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Revista chilena de historia natural

Print version ISSN 0716-078X


BRANTE, ANTONIO et al. Latitudinal comparisons of reproductive traits in five Brachyuran species along the Chilean coast. Rev. chil. hist. nat. [online]. 2004, vol.77, n.1, pp.15-27. ISSN 0716-078X.

Understanding large-scale patterns in reproductive investment and fecundity of marine invertebrates is important for determining the critical environmental variables affecting reproduction and thus, the spatial patterns of population dynamics. However, information on patterns of reproduction of marine invertebrates at large spatial scales are either scarce, or have been conducted by mixing species with contrasting modes of development. Brachyuran crabs are an ideal group to analyze large-scale patterns of reproduction not only because many species are commercially exploited, but also because they show a single mode of larval development and wide distributional ranges. Here, we report latitudinal patterns of reproductive variables in five Brachyuran crab species along the coast of Chile (18-54 ° S): Cancer setosus, Paraxanthus barbiger, Homalaspis plana, Ovalipes trimaculatus, and Taliepus marginatus. Five variables were analyzed: brood weight, fecundity, embryo dry weight, embryo volume, and embryo loss. Comparisons between northern (20 °S), central (29-33 °S) and southern Chile (35-41 ° S) were conducted for C. setosus and between central and southern Chile for the other four species. A total of 378 brooding females were collected and analyzed. Although we did not find a clear and consistent pattern in all reproductive variables in the five crab species analyzed along the coast of Chile, generalizations can be drawn from this study. First, brood weight did not vary between central and southern Chile in most of the species (except P. barbiger). Second, embryo loss did not vary between central and southern Chile in four of the species studied. Third, embryo dry weight tended to increase toward high latitudes in four of the five species. We suggest that the costs associated to oxygen provision to broods may explain some of the patterns found, but other factors need also be considered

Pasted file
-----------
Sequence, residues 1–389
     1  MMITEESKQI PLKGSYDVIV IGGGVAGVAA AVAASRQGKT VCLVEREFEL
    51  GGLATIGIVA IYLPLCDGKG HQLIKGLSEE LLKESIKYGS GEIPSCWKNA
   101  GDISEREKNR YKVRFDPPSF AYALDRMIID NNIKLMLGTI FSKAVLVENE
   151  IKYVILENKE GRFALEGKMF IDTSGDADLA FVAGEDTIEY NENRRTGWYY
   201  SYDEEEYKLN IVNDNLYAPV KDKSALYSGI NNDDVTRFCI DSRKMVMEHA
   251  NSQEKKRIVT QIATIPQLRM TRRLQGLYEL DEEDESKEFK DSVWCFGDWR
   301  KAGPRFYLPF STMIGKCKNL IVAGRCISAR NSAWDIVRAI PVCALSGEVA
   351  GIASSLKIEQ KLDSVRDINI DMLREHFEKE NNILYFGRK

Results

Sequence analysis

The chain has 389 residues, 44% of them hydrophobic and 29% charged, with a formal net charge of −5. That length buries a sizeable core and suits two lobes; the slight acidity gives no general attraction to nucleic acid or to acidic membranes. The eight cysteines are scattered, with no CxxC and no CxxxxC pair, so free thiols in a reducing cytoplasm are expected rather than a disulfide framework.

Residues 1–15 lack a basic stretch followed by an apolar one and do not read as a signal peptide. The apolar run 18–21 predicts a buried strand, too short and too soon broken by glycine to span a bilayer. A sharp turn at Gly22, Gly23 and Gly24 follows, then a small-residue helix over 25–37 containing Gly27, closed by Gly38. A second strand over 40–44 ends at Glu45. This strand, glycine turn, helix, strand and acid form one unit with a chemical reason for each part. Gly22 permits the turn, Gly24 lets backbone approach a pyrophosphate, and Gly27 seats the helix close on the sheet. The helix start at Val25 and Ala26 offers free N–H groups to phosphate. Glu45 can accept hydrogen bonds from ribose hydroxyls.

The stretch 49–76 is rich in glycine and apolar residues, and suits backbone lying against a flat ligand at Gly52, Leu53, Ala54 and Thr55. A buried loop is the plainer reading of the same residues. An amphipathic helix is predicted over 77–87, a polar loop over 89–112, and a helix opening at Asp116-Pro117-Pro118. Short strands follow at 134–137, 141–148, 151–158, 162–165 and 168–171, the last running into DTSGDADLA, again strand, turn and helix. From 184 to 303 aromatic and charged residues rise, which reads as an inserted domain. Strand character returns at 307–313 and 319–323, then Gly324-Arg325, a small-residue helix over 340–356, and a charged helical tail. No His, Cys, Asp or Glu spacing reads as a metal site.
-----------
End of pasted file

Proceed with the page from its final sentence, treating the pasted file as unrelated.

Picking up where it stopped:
Keywords : reproductive investment; fecundity; brooding; crabs; embryo loss.

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